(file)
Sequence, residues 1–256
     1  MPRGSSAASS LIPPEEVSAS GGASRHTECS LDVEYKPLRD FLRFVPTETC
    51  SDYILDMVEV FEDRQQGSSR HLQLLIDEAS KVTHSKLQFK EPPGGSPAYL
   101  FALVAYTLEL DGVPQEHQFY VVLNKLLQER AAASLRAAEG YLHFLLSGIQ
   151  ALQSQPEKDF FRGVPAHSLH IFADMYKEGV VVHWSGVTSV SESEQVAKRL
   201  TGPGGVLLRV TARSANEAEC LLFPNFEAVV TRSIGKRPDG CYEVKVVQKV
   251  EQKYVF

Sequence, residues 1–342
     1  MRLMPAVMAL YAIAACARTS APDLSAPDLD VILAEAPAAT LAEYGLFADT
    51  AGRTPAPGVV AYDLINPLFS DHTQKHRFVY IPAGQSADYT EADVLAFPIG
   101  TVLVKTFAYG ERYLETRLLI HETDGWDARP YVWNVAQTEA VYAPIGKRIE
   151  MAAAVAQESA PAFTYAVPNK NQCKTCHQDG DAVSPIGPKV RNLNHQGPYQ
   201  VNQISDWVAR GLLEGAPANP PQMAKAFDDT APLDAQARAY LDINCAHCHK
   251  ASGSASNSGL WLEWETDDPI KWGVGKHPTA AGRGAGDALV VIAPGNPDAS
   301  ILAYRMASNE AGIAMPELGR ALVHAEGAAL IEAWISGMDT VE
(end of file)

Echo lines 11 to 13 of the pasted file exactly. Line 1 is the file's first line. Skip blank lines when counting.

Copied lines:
   101  TVLVKTFAYG ERYLETRLLI HETDGWDARP YVWNVAQTEA VYAPIGKRIE
   151  MAAAVAQESA PAFTYAVPNK NQCKTCHQDG DAVSPIGPKV RNLNHQGPYQ
   201  VNQISDWVAR GLLEGAPANP PQMAKAFDDT APLDAQARAY LDINCAHCHK